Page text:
With final losses from the auto industry bailout near $15 billion, President Obama is using fuzzy math to claim that taxpayers lost no money on his administration's portion of the rescue program, analysts say.
On the heels of the Treasury Department's announcement Monday that it was selling its final shares of General Motors Co. acquired during the 2008-09 bailout, Mr. Obama seems more intent on claiming credit and avoiding blame than providing taxpayers with a final accounting of the bailout that also included Chrysler LLC and GM's financing arm, Ally Financial.
"GM has now repaid every taxpayer dollar my administration committed to its rescue, plus billions invested by the previous administration," Mr. Obama said in a statement after the Treasury announcement.
The White House didn't respond to questions Tuesday about how the president arrived at his rosy mathematical conclusions. But analysts of the auto bailout said Mr. Obama appeared to be using a "last-in, first-out" method of accounting to justify his argument that all the bailout money committed has been repaid.
As the White House made the claim, the nation's biggest automaker was turning a page on its troubles by naming Mary Barra, head of GM's global product development, to take over as CEO from Dan Akerson, who has overseen the company's rebound from near oblivion since September 2010.
The rescue for GM and Chrysler was begun in late 2008 by President George W. Bush, whose administration agreed to lend about $13.4 billion immediately to the struggling automakers during the depths of the recession. After Mr. Obama took office a few months later, he committed the rest of the $80 billion total.
The government lost about $10.5 billion on the $49.5 billion in GM stock it received as part of the bailout, and projections are that the overall loss to taxpayers from the bailout will end up around $15 billion. Supporters say the rescue of GM and Chrysler saved a critical U.S. industry and the many spinoff companies that depend on it, but critics say the deal was bad for taxpayers, was implemented in an unfair manner, and short-circuited the ability of the private market to handle the U.S. auto industry's woes.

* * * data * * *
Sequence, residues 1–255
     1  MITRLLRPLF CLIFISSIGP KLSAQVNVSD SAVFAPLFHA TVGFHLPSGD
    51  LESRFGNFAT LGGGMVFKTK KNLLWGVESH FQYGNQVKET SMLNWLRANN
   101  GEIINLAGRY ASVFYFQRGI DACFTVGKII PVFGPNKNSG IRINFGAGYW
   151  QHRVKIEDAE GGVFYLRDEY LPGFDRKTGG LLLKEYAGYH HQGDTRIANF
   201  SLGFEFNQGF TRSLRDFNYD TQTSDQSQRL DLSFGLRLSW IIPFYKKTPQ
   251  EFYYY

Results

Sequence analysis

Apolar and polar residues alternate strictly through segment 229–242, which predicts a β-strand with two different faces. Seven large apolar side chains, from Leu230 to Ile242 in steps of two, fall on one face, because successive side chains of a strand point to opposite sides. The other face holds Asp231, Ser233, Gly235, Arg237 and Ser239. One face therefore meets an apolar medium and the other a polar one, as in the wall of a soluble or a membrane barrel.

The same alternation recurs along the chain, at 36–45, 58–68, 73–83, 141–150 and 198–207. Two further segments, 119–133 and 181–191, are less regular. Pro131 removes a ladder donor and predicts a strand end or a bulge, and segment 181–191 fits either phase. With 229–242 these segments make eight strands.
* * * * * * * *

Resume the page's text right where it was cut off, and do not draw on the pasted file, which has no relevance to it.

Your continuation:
"Obama gets out $40 billion [from GM] and he's saying, 'OK, I'm covered,'" said Daniel Ikenson, director of trade policy at the libertarian Cato Institute. "All along, we knew the taxpayer wouldn't be made whole when this eventually unwound."
Mr. Obama is making a "meaningless distinction" in claiming the federal money given to GM under his watch was recovered, said James Sherk, a labor analyst at the conservative Heritage Foundation.
"The money is fungible," Mr. Sherk said. "What Bush essentially did was to leave enough money for Obama to come in and do what he was going to do."
Treasury Secretary Jack Lew said the U.S. would have lost more than 1 million jobs, and the economy could have slipped from recession into a depression, without the bailout money. A study released Monday by the Center for Automotive Research in Ann Arbor, Mich., said the rescue also preserved $105.3 billion in personal and social insurance tax collections.
"This peacetime intervention in the private sector by the U.S. government will be viewed as one of the most successful interventions in U.S. economic history," said Sean McAlinden, the center's chief economist.
Mr. Sherk said taxpayers wouldn't have lost as much money as they did if the Obama administration hadn't given about $30 billion in subsidies to unionized auto workers as part of negotiating the terms of the bailouts.
"The United Auto Workers got very abnormal treatment in the bankruptcy from the Obama administration," Mr. Sherk said. "At Chrysler, they received even better treatment than the secured creditors. That doesn't happen under any normal bankruptcy involving a unionized company. For the Obama administration to say they were such responsible stewards of the taxpayers' money, it's highly misleading."
The Center for Automotive Research study said about 600,000 retirees in the Midwest would have lost their pensions without the bailout, leading to worse economic conditions and more pressure on government services.
But Brian Richter, an economist at the University of Texas, said such studies miss the key question of whether a company would have performed better ultimately without the government handout. He studied the impact on Chrysler and said the automaker would have been better off without the federal intervention, primarily because consumers are wary of buying from a company receiving a bailout.
"Chrysler started selling more cars almost immediately after the government exited," Mr. Richter said. "A lot of it does appear to be consumer sentiment."
Mr. Ikenson said the bailout carries a cost beyond lost tax dollars, undermining the free market system and encouraging business executives to take greater risks. He said it makes other taxpayer bailouts more likely.
"We're still feeling the effects in the economy — the lack of certainty that the administration is not going to subsidize or intervene on behalf of an industry that it favors, or a particular company that it favors," Mr. Ikenson said. "It's done so on solar [power], it's done so on wind energy, it's done so on all sorts of green technologies. Other big players in industry, they know that somebody's going to be there to backstop them. There's a bigger lesson here."
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